- J&J Snack Foods has reached an agreement to buy Dippin’ Dots, a producer of flash-frozen beaded ice cream treats, for $222 million.
- The snack maker said the purchase will allow it to add a strong consumer brand with a profitable, growing business that it can scale further. The deal is expected to close by the end of June.
- "Dippin’ Dots aligns perfectly with J&J’s portfolio strategy by adding an iconic, differentiated brand that uniquely complements our frozen novelty and frozen beverage businesses," said Dan Fachner, president and CEO of J&J Snack Foods. "This transaction further positions us for accelerated growth across our business.”
The current iteration of J&J traces its origins to 1971 when a failing pretzel company was purchased at a bankruptcy auction for $72,100, according to the company. At the time, the company had eight employees and sales of $400,000.
Half a century later, the company has grown to more than 4,200 people, a market cap topping $2 billion and a portfolio of brands well beyond pretzels.
While J&J itself may not be a household name, several of its food and drink offerings sold in convenience stores, supermarkets, movie theaters, stadiums and amusement parks are popular with consumers. Its brands, many of which have been acquired, include Superpretzel, Icee, Luigi’s Real Italian Ice, Minute Maid frozen ices, Sour Patch Kids flavored ice pops and The Funnel Cake Factory. The company said it has made more than 30 "value-building transactions" throughout its history.
"Dippin’ Dots presents an opportunity to acquire a company that aligns with our focus on accelerating growth while delivering incremental shareholder value," said Ken Plunk, J&J Snack Foods' CFO. "We are leveraging our strong balance sheet and healthy liquidity position to acquire a profitable and scalable business that complements our long-term growth strategy."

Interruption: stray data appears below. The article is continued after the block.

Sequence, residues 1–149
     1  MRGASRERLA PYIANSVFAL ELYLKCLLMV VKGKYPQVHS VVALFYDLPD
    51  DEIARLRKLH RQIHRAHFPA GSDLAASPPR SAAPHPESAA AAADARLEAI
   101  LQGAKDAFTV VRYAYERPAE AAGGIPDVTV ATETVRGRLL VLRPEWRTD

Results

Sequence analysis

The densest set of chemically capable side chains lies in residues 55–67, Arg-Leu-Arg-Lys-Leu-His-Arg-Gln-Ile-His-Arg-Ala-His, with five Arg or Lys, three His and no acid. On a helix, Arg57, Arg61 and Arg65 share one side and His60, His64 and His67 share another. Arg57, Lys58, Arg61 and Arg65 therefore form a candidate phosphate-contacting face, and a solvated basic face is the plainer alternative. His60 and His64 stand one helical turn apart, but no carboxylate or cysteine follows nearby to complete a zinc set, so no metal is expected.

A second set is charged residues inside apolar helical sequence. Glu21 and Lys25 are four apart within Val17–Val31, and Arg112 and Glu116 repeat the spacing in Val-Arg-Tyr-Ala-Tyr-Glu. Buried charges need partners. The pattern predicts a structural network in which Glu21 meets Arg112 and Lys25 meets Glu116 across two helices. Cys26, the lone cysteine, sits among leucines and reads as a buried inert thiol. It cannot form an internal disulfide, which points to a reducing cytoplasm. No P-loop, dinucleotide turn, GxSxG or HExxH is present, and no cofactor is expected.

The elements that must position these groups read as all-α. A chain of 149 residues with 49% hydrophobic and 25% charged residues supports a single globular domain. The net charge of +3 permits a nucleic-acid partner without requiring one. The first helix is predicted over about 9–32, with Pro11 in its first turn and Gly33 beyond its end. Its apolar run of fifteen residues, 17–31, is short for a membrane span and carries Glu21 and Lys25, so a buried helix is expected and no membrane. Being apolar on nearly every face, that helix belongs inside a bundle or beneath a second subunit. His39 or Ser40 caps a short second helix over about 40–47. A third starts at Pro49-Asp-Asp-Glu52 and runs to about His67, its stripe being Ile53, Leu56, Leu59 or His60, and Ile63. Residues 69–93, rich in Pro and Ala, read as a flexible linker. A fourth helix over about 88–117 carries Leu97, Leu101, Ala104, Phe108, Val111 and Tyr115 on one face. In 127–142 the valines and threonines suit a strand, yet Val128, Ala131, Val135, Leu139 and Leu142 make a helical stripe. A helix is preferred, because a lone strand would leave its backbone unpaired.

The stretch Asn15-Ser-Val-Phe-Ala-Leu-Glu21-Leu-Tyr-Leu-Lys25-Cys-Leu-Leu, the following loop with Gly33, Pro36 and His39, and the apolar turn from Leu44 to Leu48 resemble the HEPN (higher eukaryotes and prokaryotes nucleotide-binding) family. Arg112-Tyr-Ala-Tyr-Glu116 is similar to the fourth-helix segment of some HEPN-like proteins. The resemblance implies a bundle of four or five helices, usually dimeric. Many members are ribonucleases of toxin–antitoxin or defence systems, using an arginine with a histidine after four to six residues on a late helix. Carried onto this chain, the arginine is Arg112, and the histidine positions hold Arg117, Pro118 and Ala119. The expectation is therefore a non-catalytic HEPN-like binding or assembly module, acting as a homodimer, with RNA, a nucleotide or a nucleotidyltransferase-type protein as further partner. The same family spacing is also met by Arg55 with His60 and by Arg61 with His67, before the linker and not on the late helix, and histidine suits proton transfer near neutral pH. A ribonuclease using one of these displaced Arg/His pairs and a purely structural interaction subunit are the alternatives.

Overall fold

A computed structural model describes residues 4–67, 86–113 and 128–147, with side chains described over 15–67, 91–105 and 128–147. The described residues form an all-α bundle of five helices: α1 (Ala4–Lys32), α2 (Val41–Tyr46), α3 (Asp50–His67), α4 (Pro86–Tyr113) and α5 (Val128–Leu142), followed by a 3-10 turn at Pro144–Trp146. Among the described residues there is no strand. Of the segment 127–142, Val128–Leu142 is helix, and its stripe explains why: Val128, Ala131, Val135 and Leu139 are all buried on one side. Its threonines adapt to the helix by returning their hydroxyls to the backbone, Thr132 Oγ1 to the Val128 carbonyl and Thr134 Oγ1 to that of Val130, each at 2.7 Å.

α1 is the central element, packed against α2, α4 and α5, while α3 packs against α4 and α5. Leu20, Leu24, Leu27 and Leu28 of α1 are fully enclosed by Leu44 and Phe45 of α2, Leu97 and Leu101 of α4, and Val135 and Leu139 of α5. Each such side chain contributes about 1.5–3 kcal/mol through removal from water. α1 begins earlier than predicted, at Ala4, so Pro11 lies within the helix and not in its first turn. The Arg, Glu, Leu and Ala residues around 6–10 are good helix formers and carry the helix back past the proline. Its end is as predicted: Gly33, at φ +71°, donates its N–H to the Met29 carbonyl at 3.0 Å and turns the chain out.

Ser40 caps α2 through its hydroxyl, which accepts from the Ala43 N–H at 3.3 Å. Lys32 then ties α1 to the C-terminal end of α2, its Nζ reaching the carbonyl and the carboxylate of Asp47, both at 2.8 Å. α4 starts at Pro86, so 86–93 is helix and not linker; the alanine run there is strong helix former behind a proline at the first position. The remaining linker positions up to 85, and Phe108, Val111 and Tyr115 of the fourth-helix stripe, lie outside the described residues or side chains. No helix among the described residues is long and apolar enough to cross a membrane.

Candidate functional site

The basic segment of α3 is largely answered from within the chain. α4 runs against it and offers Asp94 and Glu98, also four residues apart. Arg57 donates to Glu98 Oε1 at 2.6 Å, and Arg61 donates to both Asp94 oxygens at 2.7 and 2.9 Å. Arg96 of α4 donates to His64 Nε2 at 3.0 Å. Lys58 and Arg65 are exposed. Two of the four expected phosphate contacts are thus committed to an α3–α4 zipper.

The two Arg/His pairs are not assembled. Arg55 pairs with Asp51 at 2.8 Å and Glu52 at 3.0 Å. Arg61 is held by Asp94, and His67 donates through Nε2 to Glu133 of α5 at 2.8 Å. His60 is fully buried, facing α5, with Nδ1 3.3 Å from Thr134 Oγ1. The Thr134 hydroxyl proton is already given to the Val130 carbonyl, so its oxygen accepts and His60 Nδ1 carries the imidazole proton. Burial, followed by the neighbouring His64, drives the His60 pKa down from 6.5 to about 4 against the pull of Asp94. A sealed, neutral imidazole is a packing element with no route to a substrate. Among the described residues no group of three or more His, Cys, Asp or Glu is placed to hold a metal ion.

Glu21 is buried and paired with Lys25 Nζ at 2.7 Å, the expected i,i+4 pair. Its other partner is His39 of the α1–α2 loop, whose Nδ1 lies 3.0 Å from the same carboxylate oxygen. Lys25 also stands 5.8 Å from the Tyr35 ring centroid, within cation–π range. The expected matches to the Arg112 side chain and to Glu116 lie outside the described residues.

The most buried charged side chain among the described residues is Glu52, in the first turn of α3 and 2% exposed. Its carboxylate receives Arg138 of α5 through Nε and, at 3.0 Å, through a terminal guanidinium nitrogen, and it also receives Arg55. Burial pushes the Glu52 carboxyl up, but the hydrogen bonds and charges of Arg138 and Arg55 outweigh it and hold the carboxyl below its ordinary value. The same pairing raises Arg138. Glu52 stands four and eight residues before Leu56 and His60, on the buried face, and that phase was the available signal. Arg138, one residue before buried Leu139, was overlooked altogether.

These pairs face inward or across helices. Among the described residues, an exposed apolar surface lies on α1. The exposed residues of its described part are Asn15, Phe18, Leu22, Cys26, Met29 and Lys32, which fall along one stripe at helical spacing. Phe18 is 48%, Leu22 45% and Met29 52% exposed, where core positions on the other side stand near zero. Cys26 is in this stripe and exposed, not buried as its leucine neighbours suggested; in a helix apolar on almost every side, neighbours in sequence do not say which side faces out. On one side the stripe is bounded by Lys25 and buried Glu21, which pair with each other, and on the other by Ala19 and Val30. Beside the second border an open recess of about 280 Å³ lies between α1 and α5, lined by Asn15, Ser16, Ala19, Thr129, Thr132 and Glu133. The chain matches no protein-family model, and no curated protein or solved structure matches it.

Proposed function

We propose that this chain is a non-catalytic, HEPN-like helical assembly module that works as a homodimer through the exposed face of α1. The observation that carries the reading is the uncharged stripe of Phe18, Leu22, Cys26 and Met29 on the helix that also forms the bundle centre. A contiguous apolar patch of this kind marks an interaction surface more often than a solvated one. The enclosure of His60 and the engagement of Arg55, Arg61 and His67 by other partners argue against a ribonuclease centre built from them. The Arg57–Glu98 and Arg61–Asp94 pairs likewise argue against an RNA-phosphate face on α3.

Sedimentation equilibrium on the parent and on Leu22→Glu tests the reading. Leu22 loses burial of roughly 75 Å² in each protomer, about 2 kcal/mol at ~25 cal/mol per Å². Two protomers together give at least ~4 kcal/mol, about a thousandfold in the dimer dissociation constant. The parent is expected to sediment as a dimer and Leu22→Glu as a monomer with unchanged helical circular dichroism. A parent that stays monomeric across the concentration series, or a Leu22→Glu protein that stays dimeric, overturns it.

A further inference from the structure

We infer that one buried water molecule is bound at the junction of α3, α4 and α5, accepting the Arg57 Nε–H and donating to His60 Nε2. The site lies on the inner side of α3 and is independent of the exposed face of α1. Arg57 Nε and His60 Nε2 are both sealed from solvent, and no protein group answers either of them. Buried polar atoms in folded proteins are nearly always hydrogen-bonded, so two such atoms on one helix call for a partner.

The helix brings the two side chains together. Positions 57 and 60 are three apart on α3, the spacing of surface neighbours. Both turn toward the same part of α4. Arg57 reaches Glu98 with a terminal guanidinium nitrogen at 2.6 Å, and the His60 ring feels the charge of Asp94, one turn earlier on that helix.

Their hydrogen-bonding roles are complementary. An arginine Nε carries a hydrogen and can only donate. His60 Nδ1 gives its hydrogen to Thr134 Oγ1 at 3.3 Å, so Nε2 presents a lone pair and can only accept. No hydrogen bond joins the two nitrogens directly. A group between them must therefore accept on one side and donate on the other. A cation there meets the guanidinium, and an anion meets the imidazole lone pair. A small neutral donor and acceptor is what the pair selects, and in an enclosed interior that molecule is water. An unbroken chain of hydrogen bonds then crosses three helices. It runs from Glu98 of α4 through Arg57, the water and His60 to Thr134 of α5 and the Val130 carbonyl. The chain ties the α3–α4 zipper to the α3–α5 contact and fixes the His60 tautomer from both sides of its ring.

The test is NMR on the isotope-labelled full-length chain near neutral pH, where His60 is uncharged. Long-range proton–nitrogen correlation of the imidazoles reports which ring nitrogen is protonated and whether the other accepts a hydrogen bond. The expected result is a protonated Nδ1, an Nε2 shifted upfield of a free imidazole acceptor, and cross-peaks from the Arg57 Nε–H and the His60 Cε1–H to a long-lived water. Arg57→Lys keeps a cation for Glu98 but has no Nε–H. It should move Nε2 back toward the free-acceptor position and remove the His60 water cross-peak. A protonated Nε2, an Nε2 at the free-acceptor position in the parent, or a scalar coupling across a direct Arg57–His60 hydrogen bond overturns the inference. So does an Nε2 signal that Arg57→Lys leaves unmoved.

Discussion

As the company noted, J&J is no stranger to successfully integrating a new brand into the fold. It's also knowledgeable about frozen foods and novelty brands, insights that should allow it to seamlessly integrate and further grow Dippin' Dots.
In this case, the snack food company is buying a product ubiquitous with flash-freezing to create beaded ice cream, yogurt, sherbet and flavored ice products consumed by millions of people. Fachner outlined the opportunities J&J sees in buying Dippin' Dots when he said the company aims to use its marketing and innovation expertise to promote the brand and expand its distribution into new markets.
While Dippin' Dots is well known in ice cream, it has made inroads in recent years to enter other food categories.
It signed a licensing agreement earlier this year to bring it into popcorn and in 2018 debuted a cereal in partnership with General Mills. J&J is no stranger to licensing through its partnerships with companies such as Minute Maid with Coca-Cola and Sour Patch Kids with Mondelēz. It undoubtedly will tap into that insight to leverage Dippin' Dots. In addition, Dippin' Dots should continue to thrive as people venture out more frequently following the height of the pandemic.
After struggling for years following the Great Recession when consumers were more reluctant to spend money for one of its cups or packets filled with tiny ice cream pebbles, Dippin’ Dots finally filed for Chapter 11 bankruptcy protection in 2011. It was purchased out of bankruptcy a year later by current CEO Scott Fischer.
In recent years, it expanded beyond ice cream to bring its technology to plant-based meat manufacturers, pharmaceutical companies, probiotic brands and animal feed, among other industries, that require high-volume cryogenic freezing.
Dippin’ Dots seems to be on a much better financial footing. The confection, for years touted as the ice cream of the future, generated $300 million in gross retail sales in 2019. J&J said Dippin' Dots also is profitable and will be accretive to its earnings per share. In addition, the acquisition provides "significant tax benefits contributing to an even more attractive overall valuation,” Plunk said.